Our panel of expert judges includes Greg Mercer, eight figure amazon seller and the founder and CEO of Jungle Scout. Michael Jackness, a serial entrepreneur who has spent the past few years building a high seven figure e-commerce conglomerate while blogging and podcasting about all of it along the way at EcomCrew. Steve Chou, the son of two tiger parents. Steve Chou started to seven figure businesses while working full time as an engineering director. He now runs Bumblebee Linens and Mywifequitherjob.com. Scott Voelker, seven figure business owner and host of The Amazing Seller Podcast.
Today we are joined by guest judge Andrew Youderian. Andrew has started and sold multiple e-commerce businesses and is the founder of Ecommerce Fuel, a private community for seven figure plus e-commerce sellers.
This week on 5 Minute Pitch.
Dave: And it was about seven months ago when I released my first bobblehead and something kind of interesting happened. No one really cared. No one wanted bobbleheads.
Scott: David, if you did get the $50,000, would you be willing to do a special edition of Steve Chou’s six pack shirtless bobblehead if we all helped you market it with our listing just like that, is that something that you would be open to do?
Scott: okay, perfect.
Steve: Just make sure that the packs are very crisp.
Liz: Let's hear from our next contestant and founder of MMA Bobblehead, Dave Manley. His passion for sports and mixed martial arts and a desire to display MMA memorabilia in his office led him to develop a premier collectible product, the MMA bobblehead. Today we'll find out if he's got the product and business model to get the nod from the judges to advance to the next round.
Dave: I'm really, really excited. This has been a crazy journey for me in this business and all the way even standing in front of you here today. I mean, I not only get to hang out and work with my sports heroes, but now I get to hang out and talk to the guys that indirectly mentored me on starting this company. So yeah, I'm really excited.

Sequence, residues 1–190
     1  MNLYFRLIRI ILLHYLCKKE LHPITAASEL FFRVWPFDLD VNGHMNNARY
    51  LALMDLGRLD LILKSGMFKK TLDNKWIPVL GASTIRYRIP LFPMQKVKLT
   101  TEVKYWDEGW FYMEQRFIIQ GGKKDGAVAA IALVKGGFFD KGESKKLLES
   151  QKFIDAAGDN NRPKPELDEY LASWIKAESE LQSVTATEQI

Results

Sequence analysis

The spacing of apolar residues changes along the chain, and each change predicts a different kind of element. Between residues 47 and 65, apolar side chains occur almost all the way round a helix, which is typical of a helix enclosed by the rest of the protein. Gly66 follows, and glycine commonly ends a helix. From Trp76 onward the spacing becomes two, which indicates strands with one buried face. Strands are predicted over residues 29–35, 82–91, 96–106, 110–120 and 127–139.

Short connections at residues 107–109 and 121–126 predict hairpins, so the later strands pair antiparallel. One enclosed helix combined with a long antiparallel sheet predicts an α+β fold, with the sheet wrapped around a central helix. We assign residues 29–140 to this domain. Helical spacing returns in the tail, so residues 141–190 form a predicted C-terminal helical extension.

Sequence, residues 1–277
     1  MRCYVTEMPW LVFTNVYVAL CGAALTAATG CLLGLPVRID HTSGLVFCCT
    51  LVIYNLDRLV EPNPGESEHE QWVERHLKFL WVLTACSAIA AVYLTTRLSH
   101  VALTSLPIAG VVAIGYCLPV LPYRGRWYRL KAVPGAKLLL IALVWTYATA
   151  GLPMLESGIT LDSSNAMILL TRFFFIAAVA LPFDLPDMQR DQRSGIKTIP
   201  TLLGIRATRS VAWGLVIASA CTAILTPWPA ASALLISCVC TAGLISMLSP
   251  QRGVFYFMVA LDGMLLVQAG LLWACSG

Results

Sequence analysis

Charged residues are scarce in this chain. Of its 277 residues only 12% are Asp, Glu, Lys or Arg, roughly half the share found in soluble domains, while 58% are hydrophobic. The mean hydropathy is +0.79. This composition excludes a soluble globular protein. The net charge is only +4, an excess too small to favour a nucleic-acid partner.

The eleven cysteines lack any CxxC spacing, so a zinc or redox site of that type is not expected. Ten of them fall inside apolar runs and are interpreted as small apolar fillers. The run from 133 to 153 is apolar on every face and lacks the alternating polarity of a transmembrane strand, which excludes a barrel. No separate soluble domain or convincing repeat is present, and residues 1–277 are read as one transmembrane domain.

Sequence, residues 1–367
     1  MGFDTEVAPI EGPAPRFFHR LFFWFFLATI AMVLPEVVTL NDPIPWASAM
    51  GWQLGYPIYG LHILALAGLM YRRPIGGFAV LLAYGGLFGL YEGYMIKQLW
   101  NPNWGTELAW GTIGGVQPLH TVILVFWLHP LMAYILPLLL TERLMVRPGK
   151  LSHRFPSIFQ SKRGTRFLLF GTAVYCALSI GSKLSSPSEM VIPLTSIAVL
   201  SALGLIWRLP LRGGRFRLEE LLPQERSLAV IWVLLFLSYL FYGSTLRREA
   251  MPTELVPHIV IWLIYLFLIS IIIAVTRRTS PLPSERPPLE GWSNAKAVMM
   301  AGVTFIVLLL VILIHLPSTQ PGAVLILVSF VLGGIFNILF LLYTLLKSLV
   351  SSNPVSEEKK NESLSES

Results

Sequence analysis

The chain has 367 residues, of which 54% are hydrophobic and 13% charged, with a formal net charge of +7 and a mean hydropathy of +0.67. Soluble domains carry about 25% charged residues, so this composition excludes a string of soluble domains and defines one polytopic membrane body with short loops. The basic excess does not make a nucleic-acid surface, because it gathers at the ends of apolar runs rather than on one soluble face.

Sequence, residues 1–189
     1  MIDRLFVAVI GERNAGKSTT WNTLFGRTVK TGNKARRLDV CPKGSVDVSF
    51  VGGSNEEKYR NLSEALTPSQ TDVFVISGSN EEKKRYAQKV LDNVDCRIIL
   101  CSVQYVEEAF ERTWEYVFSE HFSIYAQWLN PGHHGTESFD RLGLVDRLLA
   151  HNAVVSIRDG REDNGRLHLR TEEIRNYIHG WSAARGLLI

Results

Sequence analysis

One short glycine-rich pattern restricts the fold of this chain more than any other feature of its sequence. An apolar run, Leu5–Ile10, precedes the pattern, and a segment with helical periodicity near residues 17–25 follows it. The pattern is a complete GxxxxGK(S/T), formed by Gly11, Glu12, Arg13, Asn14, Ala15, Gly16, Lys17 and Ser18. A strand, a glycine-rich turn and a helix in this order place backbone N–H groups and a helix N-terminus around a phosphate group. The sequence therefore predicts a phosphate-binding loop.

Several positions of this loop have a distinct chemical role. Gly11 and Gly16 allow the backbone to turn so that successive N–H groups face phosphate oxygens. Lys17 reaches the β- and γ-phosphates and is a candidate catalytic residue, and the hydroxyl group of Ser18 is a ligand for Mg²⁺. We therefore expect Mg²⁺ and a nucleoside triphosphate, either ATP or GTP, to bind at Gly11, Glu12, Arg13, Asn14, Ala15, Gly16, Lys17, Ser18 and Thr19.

Liz: This is 5 Minute Pitch.
Scott: Sup Dave?
Mike: Hey Dave.
Steve: Hey Dave.
Dave: Hey guys, how are you?
Scott: Good, man, how you doing?
Steve: I like your background.
Dave: Thank you, thank you.
Steve: Hey, Dave, welcome to the 5 Minute Pitch, your five minute pitch starts now.
Dave: My name is Dave Manley. I'm the founder of MMA Bobblehead. I'm a huge MMA fan. And for those of you guys who don't know what MMA is, it stands for mixed martial arts, it's like the UFC. One day, I decided that I was going to clear off a shelf in my office and I was going to start collecting MMA memorabilia, it’s like sports memorabilia. So I decided that I was going to start with a bobblehead of my favorite fighter, Dan Henderson. He is a legend in the sport. So when I went to go buy a Dan Henderson bobblehead, they didn't make it.
So I was like, oh, man, so I went to my next bobblehead choice, who was the current champion at the time, also very popular, and they didn’t make him either. So I went all the way to the tops, to the most popular athlete in MMA, Conor McGregor, nothing, nothing came up. And it was right then and right there, I just got hit with a thunder bolt of inspiration. I've always had an artistic background. I've always been creative and made things. I'm a businessman by trade. So I went all in, and I decided to learn everything about bobbleheads from the paint to the clay to the springs and the neck.